My job on the race team is to drive, but it’s not what you think. My job isn’t to drive racecars — that is my reward. My actual job is to drive the motorhome. The motorhome is where the team eats, sleeps and makes the bathroom smell. Our motorhome has been the hub for our team for a lot of years and it is where the drivers can get away from the hustle and bustle of a race weekend and concentrate for a bit. For the NASA Championships the last few years, these races have been so far from our home base in California we didn’t take the motorhome with us. We shipped our cars and flew in, which meant we wouldn’t have the comforts — or the private bathroom —of our motorhome. What would we do? No problem, solution: a driver lounge.
Luckily for me, I had family in Austin, Texas, for the 2018 NASA Championships. I gave them a budget and said, “Go crazy, build a driver’s lounge that we can all chill out in while we are at the track.” My cousins were on it. They sourced a futon from Craigslist, brought in a mini refrigerator, had a table, lights, and added some Feng Shui with some plants. It was awesome. They set the bar for what a driver’s lounge should be, and I am forever grateful for their efforts and creativity.
The Double Nickel Nine Motorsports driver’s lounge in Garage 18 at the Circuit of the Americas in 2018 was the talk of the paddock. Plenty of people stopped by to check it out, and we all enjoyed drinking Tactical Ops Brewing Double Nickel Nine IPA as we bench raced and exaggerated about our latest sessions on the track. For 2019, I knew I wanted to do another driver’s lounge at Mid-Ohio but I didn’t have the luxury of my Texas cousins to make it all happen. New plan: Walmart and Amazon.
I found an inexpensive futon, a carpet, some small tables, plants, lights and other cool amenities, and ordered it all online. I had everything shipped directly to the track. In reality, everything I purchased was less than $250 and had free shipping. When we arrived at Mid-Ohio I asked the staff there, “You guys have any boxes for DNN Motorsports?” to which they answered… “Yeah, we have a lot of them.” I bribed the folks at Mid-Ohio with some Tac Ops beer and they used a golf cart to truck all of our online purchases to Garage 4. We unpacked the boxes, and after an hour of “some assembly required,” we had a proper driver’s lounge setup to rival the one we had created in Texas.
They key to a good driver’s lounge is its functionality, décor, and some sense of humor. We added an Oriental rug to ours, because, well, it looked cool. The reality is it was nice to have the rug as we were changing from our dirty shop shoes into our Nomex socks and racing shoes. The futon was a great place to sit to get dressed and it also was a nice place to pass out after too many IPAs.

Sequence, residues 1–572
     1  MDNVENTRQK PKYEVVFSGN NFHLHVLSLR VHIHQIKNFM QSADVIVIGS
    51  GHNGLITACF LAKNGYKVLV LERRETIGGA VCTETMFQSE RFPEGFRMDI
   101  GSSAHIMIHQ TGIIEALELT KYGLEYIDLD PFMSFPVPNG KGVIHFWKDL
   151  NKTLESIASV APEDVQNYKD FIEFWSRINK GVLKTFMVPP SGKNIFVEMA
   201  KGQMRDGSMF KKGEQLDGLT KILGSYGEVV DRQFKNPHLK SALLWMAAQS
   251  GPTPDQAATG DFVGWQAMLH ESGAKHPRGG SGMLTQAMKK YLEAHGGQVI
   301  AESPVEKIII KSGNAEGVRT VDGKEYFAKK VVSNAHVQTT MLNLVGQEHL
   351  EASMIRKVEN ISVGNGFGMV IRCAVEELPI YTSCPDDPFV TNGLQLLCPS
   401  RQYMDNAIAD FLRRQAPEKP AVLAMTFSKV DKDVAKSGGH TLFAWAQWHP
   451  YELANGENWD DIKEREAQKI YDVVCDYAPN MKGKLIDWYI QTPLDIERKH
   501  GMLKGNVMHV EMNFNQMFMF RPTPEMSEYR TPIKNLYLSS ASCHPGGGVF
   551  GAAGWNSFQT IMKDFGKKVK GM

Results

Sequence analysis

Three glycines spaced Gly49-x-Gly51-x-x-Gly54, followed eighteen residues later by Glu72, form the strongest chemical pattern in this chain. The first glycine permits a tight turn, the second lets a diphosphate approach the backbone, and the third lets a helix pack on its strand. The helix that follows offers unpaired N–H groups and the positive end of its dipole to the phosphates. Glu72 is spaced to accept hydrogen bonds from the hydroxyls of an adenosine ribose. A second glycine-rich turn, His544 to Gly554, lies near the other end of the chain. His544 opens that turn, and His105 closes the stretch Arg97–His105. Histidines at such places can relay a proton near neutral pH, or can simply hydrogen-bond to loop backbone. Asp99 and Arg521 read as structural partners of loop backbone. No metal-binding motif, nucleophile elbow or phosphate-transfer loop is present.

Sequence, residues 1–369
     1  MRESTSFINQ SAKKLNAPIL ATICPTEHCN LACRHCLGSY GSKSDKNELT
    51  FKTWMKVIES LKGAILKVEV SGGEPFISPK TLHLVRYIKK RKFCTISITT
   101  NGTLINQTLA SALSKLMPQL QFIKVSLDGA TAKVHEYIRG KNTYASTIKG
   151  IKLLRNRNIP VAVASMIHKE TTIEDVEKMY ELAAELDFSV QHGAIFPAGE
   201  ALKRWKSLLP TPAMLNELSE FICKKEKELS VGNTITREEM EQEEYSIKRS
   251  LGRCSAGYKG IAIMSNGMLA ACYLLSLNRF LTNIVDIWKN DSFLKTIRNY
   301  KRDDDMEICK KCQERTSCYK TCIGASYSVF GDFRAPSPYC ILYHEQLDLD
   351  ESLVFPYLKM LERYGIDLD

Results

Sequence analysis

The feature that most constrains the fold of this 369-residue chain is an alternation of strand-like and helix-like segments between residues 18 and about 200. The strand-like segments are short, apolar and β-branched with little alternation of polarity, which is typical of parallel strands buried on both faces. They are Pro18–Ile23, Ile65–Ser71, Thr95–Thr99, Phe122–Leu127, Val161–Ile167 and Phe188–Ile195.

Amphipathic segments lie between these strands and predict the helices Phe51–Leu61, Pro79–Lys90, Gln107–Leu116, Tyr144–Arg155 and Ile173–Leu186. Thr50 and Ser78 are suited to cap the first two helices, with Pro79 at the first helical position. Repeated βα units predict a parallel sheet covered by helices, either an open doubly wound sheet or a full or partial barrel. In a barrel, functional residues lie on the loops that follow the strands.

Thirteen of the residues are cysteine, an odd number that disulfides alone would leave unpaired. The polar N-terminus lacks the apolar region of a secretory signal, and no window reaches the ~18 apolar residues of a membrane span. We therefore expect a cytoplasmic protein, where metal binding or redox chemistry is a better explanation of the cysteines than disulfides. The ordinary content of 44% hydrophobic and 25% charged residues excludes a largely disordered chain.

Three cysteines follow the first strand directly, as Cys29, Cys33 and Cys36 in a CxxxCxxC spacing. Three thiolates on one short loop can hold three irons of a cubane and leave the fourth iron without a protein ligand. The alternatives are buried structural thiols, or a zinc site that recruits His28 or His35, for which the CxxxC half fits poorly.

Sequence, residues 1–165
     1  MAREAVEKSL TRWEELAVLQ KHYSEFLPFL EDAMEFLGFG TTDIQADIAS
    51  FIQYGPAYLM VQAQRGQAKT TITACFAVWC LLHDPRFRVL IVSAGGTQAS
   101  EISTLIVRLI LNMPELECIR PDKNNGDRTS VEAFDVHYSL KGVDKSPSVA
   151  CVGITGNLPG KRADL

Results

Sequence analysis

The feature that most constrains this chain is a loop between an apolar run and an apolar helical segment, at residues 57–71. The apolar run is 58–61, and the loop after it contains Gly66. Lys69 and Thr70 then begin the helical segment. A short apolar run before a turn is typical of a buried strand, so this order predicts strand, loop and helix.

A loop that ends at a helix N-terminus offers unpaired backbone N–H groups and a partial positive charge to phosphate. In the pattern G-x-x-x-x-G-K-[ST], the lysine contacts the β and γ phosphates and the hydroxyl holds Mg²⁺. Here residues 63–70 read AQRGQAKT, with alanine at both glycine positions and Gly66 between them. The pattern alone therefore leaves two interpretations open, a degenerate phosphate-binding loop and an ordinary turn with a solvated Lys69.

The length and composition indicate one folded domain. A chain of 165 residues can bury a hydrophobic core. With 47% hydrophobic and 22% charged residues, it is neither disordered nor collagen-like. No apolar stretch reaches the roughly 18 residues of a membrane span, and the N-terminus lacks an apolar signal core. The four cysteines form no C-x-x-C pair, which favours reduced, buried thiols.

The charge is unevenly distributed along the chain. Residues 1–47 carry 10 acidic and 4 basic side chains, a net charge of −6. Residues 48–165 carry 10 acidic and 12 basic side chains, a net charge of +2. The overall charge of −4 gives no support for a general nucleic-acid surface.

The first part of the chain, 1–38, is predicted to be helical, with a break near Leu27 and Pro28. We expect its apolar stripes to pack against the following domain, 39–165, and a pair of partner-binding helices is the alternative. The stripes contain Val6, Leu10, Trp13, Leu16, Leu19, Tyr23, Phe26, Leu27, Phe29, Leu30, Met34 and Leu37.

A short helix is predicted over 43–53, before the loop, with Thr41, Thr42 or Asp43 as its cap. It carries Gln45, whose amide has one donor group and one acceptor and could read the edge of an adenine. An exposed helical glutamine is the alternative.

The driver’s lounge was a social call out to meet other teams and drivers. They would stop by our garage, make a comment about our lounge, and then we would end up shooting the breeze and making new friends. It was really fun. In our garage, we also added a few more amenities after learning what we needed in Texas. We purchased a big screen television so we could watch GoPro footage without having five guys huddled over a small laptop.
For the driver’s lounge to work effectively, we prioritized keeping it clean every night. Food wrappers, beer cans, cut zip ties, scraps of 100-mph tape, all seemed to culminate around the lounge. We policed it all up and made the driver’s lounge fresh and new so it would work well the following day. The whole point of the lounge is to have a place for the driver to relax and get ready before the race. We ensured our lounge was that type of environment by keeping it clean.
When anyone saw a driver sitting on the futon putting on his gear they knew it was time to leave the driver alone for a few minutes, just to give the driver a moment to concentrate on the big prize. Racing is just as much a mental game as it is a physical one. You could even say our driver’s lounge was a mental game to other drivers, “Yeah, this is us just sitting on a couch chilling out while you are running around the paddock panicking because you lost your a 10 mm socket.”
For fun, we brought our team mascot, Carl, along. Carl adorned our shirts at Mid-Ohio and we started treating him like a racing deity. This was all just in fun of course, no actual voodoo involved. No chickens or virgins were sacrificed. However, some Honda parts did die during the weekend and were offered to Carl as an offering for good luck, which, admittedly, he did bestow upon us.
Our driver’s lounge did its job and was a great place to get ready before each track session. It certainly beat standing barefoot in the paddock in my underwear trying to get on a sweaty Nomex driving suit as small rocks jammed into my feet. To be honest, we spoiled ourselves with our little driver’s lounge. I can’t see racing again without one.
I’ll pass the torch along to another team to do their part to step up their game and outdo our driver’s lounge with their own creative ideas. On-call masseuse? Italian chef on staff? iRacing setup? I look forward to seeing what people put together in Utah for 2020.
At the end of each championships weekend, we couldn’t get the furniture from our driver’s lounge home so we donated the furniture and bicycles to needy families in the local area. We had our fun with the parts of the lounge, but when we were done, it was our opportunity to give back to the community. If you decide to build your own lounge, then I wish you happy hunting on Craigslist for the perfect trackside couch!
Rob Krider is a NASA Honda Challenge 4 National Champion and the author of the novel, Cadet Blues.